- Article published:
- June 30, 2009, 14:37
- Richard Tyler
A corner turned for new British champion
Kristian House took his first win of the season in Sunday’s British national championships. For House and Rapha-Condor team manager, John Herety, the win closes a chapter on what has been a difficult season so far.
"Honestly, it’s a dream come true, it’s something I’ve wanted for such a long time,” House told Cyclingnews. “For it to happen in the team I’m in now, with the manager and all the people involved, it really is a dream come true.”
This year saw one of the strongest ever fields line up for the British championships. House worked his way into the race winning move on the climb of the Tumble before outsprinting Daniel Lloyd (Cervélo TestTeam) and Peter Kennaugh (100% ME) to take his first championship win.
Leading into the race House had been unsure how he would cope with the tough course in Wales. “It’s easy to say that it doesn’t matter now that I’ve won but going into it I was a bit unsure about how much I’d done, whether it would be enough,” he said. “John [Herety] was keeping our spirits up, telling us that we were actually going well, so when I got to the finale of [the national championships] I thought ‘Well, I’m not going to lose here’.”
Rapha-Condor have been regular visitors to the podium with Darren Lapthorne, Matt Cronshaw, Dean Downing and Tom Southam all winning races in recent months. Despite riding strongly at the service of his teammates throughout the year House has been frustrated by his own absence of wins. Happy to have now joined in the team’s success, House is looking towards the remainder of the season.
“The way the team’s been going the last couple of weeks, [with] these guys all starting to win races, I almost felt a bit left out, so it has taken a bit of pressure off now. I guess the morale of the team is just sort of snowballing and I think we’re headed for bigger and better things.”
“He’s been going well all season but he’s never actually been able to put it all together. In fact, he’s been quite frustrated in the last few months,” said John Herety. “So it’s good to see it all come good for him, it’s a just reward for all the hard work he’s put in over the years.”
House will waste no time in displaying his national champion’s jersey. Rapha-Condor will head to the Tour of Qinghai Lake, in China, in two weeks time before returning for the Tour of Ireland and Tour of Britain. The team then expects to line up in Australia for the Tour of Tasmania and the Herald Sun Tour in October.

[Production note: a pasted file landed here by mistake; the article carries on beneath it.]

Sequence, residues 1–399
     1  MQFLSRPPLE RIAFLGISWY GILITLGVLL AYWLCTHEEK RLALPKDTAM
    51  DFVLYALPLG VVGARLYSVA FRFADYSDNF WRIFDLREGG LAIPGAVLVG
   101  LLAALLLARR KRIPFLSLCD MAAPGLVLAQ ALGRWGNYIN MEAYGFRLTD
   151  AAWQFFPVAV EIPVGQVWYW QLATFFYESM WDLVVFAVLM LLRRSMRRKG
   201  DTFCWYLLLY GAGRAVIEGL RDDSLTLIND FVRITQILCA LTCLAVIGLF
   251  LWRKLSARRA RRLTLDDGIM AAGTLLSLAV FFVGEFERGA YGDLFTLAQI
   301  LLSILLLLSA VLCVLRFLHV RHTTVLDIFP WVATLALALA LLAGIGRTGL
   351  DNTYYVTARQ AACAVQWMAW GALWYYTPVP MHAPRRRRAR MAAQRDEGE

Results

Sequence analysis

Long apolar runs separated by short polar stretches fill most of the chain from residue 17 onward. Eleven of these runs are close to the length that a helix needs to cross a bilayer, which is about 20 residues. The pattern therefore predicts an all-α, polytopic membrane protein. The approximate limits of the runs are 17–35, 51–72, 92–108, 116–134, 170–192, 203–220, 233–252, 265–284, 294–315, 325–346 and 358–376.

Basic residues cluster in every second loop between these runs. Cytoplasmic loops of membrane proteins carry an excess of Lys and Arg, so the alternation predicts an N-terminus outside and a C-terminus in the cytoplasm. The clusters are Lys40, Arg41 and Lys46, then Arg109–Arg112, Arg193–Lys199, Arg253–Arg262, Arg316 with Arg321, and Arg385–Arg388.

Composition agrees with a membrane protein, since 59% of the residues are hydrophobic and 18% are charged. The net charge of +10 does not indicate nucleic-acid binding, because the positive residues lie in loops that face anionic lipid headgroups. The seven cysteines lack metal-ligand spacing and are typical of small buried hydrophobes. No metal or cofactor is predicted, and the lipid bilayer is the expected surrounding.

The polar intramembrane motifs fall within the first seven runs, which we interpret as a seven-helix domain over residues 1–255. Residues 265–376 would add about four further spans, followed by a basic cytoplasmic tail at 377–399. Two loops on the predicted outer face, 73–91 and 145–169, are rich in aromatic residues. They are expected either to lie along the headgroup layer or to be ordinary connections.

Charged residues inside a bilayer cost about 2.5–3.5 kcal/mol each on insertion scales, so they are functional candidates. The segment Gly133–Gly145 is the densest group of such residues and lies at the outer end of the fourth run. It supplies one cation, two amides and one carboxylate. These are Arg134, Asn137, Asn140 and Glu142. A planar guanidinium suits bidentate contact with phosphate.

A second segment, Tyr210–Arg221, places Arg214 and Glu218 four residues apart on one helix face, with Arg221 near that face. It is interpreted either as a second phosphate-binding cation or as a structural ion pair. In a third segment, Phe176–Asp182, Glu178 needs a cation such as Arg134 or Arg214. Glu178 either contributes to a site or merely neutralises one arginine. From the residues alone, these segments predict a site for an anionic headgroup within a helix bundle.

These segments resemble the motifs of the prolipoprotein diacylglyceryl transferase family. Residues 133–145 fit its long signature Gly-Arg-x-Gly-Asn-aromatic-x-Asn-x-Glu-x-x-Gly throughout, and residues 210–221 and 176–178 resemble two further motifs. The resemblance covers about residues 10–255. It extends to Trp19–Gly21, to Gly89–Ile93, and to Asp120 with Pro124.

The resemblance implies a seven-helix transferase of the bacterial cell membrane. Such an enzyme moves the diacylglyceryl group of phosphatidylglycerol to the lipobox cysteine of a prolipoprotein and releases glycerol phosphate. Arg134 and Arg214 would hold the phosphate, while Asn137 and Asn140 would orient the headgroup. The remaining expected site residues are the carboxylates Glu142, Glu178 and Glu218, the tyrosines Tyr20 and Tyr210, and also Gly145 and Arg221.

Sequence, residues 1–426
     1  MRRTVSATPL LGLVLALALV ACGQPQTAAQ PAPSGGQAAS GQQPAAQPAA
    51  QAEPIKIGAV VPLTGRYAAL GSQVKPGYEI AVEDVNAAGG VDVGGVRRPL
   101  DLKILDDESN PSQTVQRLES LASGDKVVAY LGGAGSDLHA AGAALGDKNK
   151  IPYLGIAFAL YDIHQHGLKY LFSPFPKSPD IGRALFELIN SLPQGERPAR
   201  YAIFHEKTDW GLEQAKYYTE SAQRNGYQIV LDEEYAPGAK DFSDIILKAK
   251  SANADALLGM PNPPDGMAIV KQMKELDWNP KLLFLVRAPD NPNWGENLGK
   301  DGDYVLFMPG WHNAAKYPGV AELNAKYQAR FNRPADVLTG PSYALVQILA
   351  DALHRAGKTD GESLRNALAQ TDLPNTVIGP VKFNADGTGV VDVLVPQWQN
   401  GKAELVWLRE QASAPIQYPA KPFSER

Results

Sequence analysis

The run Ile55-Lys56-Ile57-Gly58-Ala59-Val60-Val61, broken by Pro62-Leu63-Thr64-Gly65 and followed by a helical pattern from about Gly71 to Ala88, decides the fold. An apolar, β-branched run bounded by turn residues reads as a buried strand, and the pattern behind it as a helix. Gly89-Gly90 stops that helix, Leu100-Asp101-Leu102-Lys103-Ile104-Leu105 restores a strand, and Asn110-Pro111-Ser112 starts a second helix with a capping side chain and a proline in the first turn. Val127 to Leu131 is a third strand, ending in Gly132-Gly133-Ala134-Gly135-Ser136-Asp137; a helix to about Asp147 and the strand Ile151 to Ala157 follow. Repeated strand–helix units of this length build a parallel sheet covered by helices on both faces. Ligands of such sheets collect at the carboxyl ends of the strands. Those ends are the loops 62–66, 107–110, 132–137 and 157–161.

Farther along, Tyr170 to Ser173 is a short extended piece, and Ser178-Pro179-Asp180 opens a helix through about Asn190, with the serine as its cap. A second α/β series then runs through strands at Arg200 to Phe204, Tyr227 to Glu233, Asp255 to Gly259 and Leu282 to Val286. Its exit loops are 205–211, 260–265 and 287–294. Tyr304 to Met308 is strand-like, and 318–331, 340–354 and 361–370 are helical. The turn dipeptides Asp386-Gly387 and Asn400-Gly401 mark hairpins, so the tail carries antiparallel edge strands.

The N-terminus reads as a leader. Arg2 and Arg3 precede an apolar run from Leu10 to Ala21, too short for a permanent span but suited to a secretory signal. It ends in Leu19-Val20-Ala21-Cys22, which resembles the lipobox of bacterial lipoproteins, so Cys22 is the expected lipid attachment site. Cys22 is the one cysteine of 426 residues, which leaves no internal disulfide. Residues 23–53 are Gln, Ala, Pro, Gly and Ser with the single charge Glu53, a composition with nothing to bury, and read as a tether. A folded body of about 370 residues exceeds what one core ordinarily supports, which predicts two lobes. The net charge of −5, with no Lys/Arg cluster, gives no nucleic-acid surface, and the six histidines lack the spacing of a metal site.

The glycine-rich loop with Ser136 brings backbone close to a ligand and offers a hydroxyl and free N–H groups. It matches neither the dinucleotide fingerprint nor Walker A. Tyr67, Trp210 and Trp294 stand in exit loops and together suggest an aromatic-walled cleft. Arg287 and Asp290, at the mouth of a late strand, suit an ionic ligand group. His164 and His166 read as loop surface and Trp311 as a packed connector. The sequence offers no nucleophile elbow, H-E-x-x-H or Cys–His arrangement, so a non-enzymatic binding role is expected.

The new British champion indicated a specific goal during the team’s time in Australia, the world’s longest one day race: the Melbourne to Warrnambool. “That’s actually the race I want to win,” he said. “I’ve said it a number of times and it’s probably one of my favourite races.
“It probably hasn’t sunk in. The only jersey I’ve got now is the podium jersey so I think when I get my team kit printed and ‘Rapha-ised’, it’s going to be pretty special and I think it’ll hit me then.”
- Article published:
- June 30, 2009, 13:47
- Gregor Brown
Former winner Pereiro part of Spanish team
Spain's Caisse d'Epargne confirmed today all nine of its men who will start in the Tour de France Saturday in Monaco. Its roster includes 2007 Tour de France winner Oscar Pereiro.
The nine men are Spaniards David Arroyo, Iván Gutiérrez, Luis Pasamontes, Oscar Pereiro, José Joaquín Rojas, Luis León Sánchez, Portugal's Rui Costa, France's Arnaud Coyot and Colombia's Rigoberto Uran.
Caisse's highest-ranking rider in the 2008 Tour de France was Spain's Alejandro Valverde. A two-year suspension in Italy for his involvement in the 2006 doping investigation, Operación Puerto, prohibits him from racing. The race passes through Italy on stage 16.
Caisse confirmed he would be left off the team last week.
The team has many options for the overall classification. Arroyo rode well last year and finished 30th overall. Sánchez is going well so far this year with overall wins in the Paris-Nice and Tour Méditerranéen stage races.
The three-week stage race starts July 4 and ends Sunday, July 26, in Paris.
- Article published:
- June 30, 2009, 12:00
- Hedwig Kröner
No decision over Tour participation from court
The civil court of Nanterre, France, has declared itself not competent to rule on the case between the Belgian Quick Step team and Tour de France organiser, ASO. The two parties are at odds over the participation of Tom Boonen in the race starting this Saturday.
The team wants its roster to be captained by the newly-crowned Belgian champion, but ASO refuses Boonen because of his recent problems with cocaine.
Boonen has tested positive for the drug on three separate out-of-competition tests. Cocaine is only illegal if detected during competition, according to the World Anti Doping Agency's (WADA) list of banned substances. Despite Boonen's positives occurring out-of-competition, ASO decided that his inclusion would not be in the best interests of the Tour de France's image.
Quick Step had asked the Tribunal de Grande Instance in Nanterre to decide over the affair, but on Tuesday morning, the judge who heard both parties